Tuesday, May 27, 2014

Leadership Traits Part 2

Goals In Welcoming New Leaders in Education from Actualization, Walter McKenzie talks about some leadership traits. He asks,

“How do these leadership traits resonate with you?”

Here is part 2 of 5 where I will share my thoughts of specific traits that he listed.

“Genuine – open and transparent in work and relationships
Anchored – in the context, climate, and culture of their learning communities
Strategic – aligning values, skills and resources to optimize their learning”

My students always knew which teachers were genuine or not and if they didn’t feel they were genuine, then those teachers were not trusted. If I could get my others to trust me, they are more willing to listen to what I have to say rather than thinking up with excuses or arguments against what I am saying. People are more open to new ideas and strategies if they feel that I am being genuine. I have listened to politicians talk and refuse to vote for anyone that I feel is not genuine because I don’t think they will be the right leader for me.

When I hike, I have some difficulty crossing over log bridges. I usually need someone to give me a hand so that I will feel anchored. I think when I am moving into new territory whether physically, emotionally, or intellectually, I need to believe that the person leading me is anchored. I need to believe that they can hold our weight until I am comfortable with this action.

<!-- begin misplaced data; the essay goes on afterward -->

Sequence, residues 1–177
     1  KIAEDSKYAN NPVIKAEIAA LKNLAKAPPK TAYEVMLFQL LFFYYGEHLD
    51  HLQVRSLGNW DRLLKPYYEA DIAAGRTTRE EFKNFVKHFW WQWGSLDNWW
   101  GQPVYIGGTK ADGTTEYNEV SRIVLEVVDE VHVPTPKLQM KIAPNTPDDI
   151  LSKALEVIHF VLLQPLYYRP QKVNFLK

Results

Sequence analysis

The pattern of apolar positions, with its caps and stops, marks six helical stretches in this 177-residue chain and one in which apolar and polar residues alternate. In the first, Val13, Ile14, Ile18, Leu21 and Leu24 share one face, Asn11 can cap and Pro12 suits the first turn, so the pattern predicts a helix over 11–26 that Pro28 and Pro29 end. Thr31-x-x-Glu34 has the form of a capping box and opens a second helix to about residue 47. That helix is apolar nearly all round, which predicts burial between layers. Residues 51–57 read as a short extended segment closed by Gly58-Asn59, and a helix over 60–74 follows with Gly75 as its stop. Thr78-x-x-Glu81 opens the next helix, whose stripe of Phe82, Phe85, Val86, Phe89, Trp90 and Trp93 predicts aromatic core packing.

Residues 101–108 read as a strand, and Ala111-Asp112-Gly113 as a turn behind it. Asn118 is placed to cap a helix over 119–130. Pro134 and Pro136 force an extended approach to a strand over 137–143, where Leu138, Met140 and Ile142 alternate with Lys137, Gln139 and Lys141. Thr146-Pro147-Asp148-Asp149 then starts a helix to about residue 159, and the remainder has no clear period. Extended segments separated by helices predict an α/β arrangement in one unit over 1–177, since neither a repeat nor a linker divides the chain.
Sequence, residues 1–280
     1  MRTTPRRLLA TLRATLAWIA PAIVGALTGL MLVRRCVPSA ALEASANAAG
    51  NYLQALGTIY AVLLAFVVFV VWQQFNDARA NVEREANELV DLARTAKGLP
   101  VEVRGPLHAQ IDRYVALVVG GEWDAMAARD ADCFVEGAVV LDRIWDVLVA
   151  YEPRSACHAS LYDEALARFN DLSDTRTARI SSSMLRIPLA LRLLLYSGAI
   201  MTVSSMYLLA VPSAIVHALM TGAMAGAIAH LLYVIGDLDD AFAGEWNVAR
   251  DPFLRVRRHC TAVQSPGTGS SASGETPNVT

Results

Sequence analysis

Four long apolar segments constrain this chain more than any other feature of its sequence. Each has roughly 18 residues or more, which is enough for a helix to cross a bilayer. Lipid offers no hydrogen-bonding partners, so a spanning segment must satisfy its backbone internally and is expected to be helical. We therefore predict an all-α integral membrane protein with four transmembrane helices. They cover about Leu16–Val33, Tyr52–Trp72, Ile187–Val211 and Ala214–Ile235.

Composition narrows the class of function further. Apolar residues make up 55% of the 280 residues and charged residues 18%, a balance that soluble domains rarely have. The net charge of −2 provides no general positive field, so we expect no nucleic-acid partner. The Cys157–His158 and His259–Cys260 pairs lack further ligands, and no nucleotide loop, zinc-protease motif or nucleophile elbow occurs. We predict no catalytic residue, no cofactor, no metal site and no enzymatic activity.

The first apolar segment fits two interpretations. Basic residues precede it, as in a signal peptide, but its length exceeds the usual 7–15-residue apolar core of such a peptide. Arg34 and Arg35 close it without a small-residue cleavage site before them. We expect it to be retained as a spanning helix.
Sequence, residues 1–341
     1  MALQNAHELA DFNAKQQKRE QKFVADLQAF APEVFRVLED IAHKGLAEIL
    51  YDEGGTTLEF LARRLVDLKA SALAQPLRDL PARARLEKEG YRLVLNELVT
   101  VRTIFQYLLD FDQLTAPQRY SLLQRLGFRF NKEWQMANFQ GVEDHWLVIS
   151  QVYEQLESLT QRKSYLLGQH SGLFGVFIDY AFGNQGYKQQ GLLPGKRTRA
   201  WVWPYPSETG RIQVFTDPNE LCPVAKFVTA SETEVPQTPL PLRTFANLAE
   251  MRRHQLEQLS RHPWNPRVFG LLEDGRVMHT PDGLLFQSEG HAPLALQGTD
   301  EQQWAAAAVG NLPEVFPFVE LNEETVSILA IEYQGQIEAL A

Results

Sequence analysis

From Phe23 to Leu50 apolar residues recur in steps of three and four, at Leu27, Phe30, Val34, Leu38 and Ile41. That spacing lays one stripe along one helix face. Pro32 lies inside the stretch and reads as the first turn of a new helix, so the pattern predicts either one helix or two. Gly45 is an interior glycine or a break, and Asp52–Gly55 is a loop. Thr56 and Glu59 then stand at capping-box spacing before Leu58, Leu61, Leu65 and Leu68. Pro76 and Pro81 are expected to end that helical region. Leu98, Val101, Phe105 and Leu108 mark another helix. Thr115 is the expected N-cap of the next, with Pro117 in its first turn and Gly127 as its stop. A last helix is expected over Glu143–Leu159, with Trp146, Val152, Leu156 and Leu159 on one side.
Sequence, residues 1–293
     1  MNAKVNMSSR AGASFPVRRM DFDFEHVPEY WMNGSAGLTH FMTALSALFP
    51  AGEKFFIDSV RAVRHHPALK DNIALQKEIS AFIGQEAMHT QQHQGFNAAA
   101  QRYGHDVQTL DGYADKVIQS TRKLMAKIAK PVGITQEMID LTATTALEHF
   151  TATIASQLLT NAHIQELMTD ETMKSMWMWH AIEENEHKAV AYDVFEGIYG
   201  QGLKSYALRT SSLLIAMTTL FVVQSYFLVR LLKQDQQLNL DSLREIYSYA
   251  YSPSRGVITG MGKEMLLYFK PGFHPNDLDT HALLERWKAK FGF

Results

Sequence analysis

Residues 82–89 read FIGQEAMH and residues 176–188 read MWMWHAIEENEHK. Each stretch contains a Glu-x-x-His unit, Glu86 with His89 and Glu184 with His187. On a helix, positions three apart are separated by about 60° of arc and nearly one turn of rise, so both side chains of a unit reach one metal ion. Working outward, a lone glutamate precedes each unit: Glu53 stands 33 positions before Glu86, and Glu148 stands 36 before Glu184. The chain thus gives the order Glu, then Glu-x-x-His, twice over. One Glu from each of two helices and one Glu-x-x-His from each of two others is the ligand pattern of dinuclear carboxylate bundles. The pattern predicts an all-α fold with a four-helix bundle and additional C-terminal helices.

Being strategic is extremely important. For me, this is like heading to a specific destination with a well thought out plan. This plan doesn’t have to be rigid but can allow for adjustments when needed. This might mean adjusting actions or time. But without a plan, a lot of unnecessary energy usage and possible frustrations can occur. Being strategic is important to being successful.

How do you feel about these traits? Do you agree or disagree? Please share.

Image: 'Transformational Leadership'
Found on flickrcc.net

1 comment:

Sioux Roslawski said...

Pat--All three of those traits are crucial, especially being anchored and being genuine. If we don't build rapport with our students, if we don't connect with them on real level, we'll never be able to lead them through difficult and successful experiences.